The specific surface areas of catalysts were as follows: SiO2 (186 m2 g−1), In/SiO2 (171 m2 g−1), Co/SiO2 (163 m2 g−1), and In–Co(17)/SiO2 (173 m2 g−1). Fig. 2a shows a SEM image of In–Co(17)/SiO2 after the CH4 dehydrogenation reaction. Spherical particles with a diameter of approx. 0.5 μm were observed. EDX analysis confirmed that the spherical particles consisted of In (Fig. 2b and c). The SEM and EDX analysis suggested that In was present as spherical LM under the reaction conditions. At the same time, EDX analysis for Co was performed, but information on the In–Co solid solution was not obtained, because the low loading of Co in the catalysts (e.g. 0.51 wt% for In–Co(17)/SiO2) made it difficult to confirm Co species using EDX analysis. TEM images also indicated that large particles are present on SiO2 support and an STEM image suggested the particles are metal (Fig. 2d–f). Temperature programmed reduction (TPR) profiles for In/SiO2, Co/SiO2, and In–Co(17)/SiO2 after calcination at 1073 K are shown in Fig. S5 (ESI). For In–Co(17)/SiO2, two reduction peaks were observed at 700 and 920 K. Taking account of TPR profile of Co/SiO2 (reduction was observed at 600–800 K) into account, the first peak would be the reduction of cobalt oxide. In addition, similar reduction peaks were observed for In–Co(17)/SiO2 and In/SiO2, indicating the reduction of In2O3. The reduction peak for In–Co(17)/SiO2 was slightly shifted to higher temperature than In/SiO2. The difference in reduction behaviour implies the interaction between In and Co.

image file: d0nj03808c-f2.tif
Fig. 2 (a and b) SEM, (c) EDX mapping of In, (d and e) TEM, and (f) STEM images for In–Co(17)/SiO2 after CH4 conversion reaction.

Based on the above results, the reaction route of CH4 conversion over In–Co/SiO2 and roles of the catalysts were proposed as shown in Scheme 1. We considered that CH4 dehydrogenation proceeds by sequential reactions. At first, a CH4 molecule is activated by abstracting a hydrogen atom and the CH3 species couple to form C2H6 (step (a) in Scheme 1). For step (a), the activation mechanism of CH4 by In LM was proposed on the basis of density functional theory calcinations, indicating low-coordinated In atoms continuously appear on In LM surface, and promote the dissociation of C–H bond in CH4 molecule.15 Furthermore, it is reported that In LM works as a catalyst for C2 hydrocarbons formation from CH4.7 Indeed, the results in Table 1 suggested that In/SiO2 showed higher CH4 coupling activity than Co/SiO2 and SiO2. In–Co/SiO2 produced almost the same amount of C2 hydrocarbons as In/SiO2, indicating that In LM of In–Co/SiO2 also acted as a coupling catalyst.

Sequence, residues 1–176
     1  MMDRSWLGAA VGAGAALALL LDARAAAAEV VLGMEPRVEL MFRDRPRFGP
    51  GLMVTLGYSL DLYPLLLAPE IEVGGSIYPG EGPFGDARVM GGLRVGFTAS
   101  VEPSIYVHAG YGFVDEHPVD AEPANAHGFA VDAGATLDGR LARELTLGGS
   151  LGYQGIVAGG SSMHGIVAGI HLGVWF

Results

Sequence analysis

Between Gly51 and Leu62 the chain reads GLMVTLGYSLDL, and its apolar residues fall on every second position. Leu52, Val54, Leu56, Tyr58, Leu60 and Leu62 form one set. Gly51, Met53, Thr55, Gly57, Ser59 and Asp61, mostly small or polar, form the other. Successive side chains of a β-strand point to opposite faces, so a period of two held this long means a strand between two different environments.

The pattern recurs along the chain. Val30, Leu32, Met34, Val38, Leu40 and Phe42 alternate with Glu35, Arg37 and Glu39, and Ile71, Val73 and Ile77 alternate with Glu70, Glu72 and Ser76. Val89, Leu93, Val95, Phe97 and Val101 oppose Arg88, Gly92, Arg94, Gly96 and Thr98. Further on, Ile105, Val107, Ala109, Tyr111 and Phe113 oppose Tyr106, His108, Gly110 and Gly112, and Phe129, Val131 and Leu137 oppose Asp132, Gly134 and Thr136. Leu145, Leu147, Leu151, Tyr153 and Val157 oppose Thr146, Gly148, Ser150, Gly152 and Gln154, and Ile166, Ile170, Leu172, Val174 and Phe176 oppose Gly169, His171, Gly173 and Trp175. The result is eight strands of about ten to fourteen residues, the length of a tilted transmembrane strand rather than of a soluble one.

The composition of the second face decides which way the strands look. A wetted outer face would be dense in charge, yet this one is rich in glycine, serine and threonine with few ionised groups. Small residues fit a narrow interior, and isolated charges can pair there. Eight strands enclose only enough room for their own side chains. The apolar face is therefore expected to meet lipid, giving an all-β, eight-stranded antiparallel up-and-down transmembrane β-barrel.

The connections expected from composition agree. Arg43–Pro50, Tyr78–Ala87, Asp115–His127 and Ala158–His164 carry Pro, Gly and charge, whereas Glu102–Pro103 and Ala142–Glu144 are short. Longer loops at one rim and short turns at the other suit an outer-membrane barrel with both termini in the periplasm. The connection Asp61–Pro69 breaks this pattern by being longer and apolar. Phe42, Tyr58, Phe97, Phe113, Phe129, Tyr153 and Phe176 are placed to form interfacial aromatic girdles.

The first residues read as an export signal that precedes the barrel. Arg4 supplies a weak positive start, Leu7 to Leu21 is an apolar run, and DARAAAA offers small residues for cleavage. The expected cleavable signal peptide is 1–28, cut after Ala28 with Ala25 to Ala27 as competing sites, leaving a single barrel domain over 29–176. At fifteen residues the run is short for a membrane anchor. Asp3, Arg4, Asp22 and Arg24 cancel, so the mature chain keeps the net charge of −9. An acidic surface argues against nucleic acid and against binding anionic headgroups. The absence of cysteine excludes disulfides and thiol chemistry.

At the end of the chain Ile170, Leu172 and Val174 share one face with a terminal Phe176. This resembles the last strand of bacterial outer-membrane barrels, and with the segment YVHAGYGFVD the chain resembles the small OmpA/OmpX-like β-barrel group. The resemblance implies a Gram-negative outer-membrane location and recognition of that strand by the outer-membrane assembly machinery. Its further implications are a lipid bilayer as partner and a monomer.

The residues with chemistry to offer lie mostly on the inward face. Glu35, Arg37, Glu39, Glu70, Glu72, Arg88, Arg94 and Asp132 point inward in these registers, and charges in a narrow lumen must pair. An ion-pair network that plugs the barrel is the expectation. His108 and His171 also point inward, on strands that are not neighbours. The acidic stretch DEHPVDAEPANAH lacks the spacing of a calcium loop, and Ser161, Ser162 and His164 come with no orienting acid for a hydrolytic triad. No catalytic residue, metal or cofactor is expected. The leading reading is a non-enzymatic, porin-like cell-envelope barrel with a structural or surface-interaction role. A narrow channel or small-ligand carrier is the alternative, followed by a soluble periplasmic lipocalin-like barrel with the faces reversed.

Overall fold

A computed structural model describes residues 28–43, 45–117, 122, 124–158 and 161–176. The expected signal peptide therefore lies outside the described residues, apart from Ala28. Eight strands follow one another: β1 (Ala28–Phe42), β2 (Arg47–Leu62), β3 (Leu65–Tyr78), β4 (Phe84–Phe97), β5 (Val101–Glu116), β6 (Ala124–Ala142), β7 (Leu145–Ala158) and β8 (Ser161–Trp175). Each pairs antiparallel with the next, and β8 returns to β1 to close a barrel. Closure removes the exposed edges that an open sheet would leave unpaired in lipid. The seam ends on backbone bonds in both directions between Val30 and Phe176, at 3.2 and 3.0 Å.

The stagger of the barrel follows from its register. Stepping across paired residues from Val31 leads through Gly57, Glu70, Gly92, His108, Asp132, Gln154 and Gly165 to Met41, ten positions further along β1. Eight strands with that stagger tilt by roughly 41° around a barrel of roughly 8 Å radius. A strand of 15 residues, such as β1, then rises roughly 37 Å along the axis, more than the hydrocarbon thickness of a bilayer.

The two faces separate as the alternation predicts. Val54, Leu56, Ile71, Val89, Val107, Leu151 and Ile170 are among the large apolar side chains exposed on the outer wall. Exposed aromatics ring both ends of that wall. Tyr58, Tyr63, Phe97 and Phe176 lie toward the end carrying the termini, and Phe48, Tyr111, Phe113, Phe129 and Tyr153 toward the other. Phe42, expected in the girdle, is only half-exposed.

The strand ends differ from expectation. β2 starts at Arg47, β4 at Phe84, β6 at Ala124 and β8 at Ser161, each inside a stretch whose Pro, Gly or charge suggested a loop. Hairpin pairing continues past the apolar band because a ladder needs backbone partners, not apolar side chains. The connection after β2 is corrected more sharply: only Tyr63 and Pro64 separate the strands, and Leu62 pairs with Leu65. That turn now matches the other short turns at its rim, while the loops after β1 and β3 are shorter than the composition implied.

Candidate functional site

image file: d0nj03808c-s1.tif
Scheme 1 The proposed reaction route for dehydrogenative conversion of CH4 on In–Co/SiO2 catalyst.

Because C2H6 readily converts to C2H4 in gas phase without catalysts at 1073 K (step (b) in Scheme 1),22 the formation of C2H4 mainly occurred without the aid of catalysts. In Table 1, In–Co/SiO2 showed slightly higher C2H4 yield than In/SiO2, implying a part of C2H4 was produced via the dehydrogenation of C2H6 on Co present in LM. The final step is the aromatization of C2 hydrocarbons. It should be noted again that C2 hydrocarbons yields in CH4 conversion were similar with In/SiO2 and In–Co/SiO2, but aromatics were observed only for In–Co/SiO2 (Table 1). In addition, as shown in Table 2, In–Co/SiO2 had higher catalytic activity for aromatization of C2H4 than In/SiO2 and Co/SiO2. Taking these reaction results into account, we considered that C2H4 formed via the coupling of CH4 converted to aromatics by the In–Co catalyst. We presumed that Co dissolved in LM showed catalytic activity for the aromatization reaction. Although the origin of catalysis due to Co present in LM is not clear at the present, it is reported that the recombination of propargyl radicals (C3H3˙) provides benzene during CH4 pyrolysis,23,24 therefore, Co in LM might promote the formation of propargyl radicals from C2H4.

Previous reports of LM catalysts have focused on the concept of catalysis by LM itself. Furthermore, for SCALMS system, isolated metal atoms on LM are the catalysts, where LM itself does not work as catalysts. This study is different from the previous works. We proposed a new bifunctional catalyst based on the LM system: In LM activated CH4 molecules along with additional Co present in LM was effective for the aromatization of C2 hydrocarbons. For In–Co/SiO2, both LM and the added metal acted as catalysts.


For the dehydrogenative conversion of CH4, In–Co/SiO2 showed different activity from In/SiO2 and Co/SiO2. As previously reported, In/SiO2 catalyzed the coupling of CH4 to form C2 hydrocarbons. For In–Co/SiO2, not only the coupling activity of CH4, but also the aromatization ability was exhibited. Examining the catalytic activity for C2H4, which is the main product of CH4 conversion, it was revealed that In/SiO2 has no activity for C2H4, while In–Co/SiO2 catalyzed the aromatization of C2H4. SEM and EDX analysis implied that LM was present in In–Co/SiO2. Based on the results, we propose a unique catalytic mechanism of In–Co/SiO2 for the conversion of CH4: LM assists CH4 coupling and Co present in LM promotes the aromatization. Such bifunctional mechanism is proposed for the first time in an LM catalyst system.

Conflicts of interest

There are no conflicts to declare.


This work is supported by the technology development project carried out in Japan Petroleum Energy Center (JPEC) under the commission of the Ministry of Economy, Trade and Industry (METI) and also by JST CREST, Grant Number JPMJCR15P4. We appreciate the technical support of Comprehensive Analysis Center for Science (Saitama University) for FE-SEM, EDX, and XRD analyses. We thank the technical support of Mr Usui for nitrogen adsorption measurements of catalysts. A part of this work was supported by NIMS microstructural characterization platform as a program of “Nanotechnology Platform” of the Ministry of Education, Culture, Sports, Science and Technology (MEXT), Japan.

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Electronic supplementary information (ESI) available. See DOI: 10.1039/d0nj03808c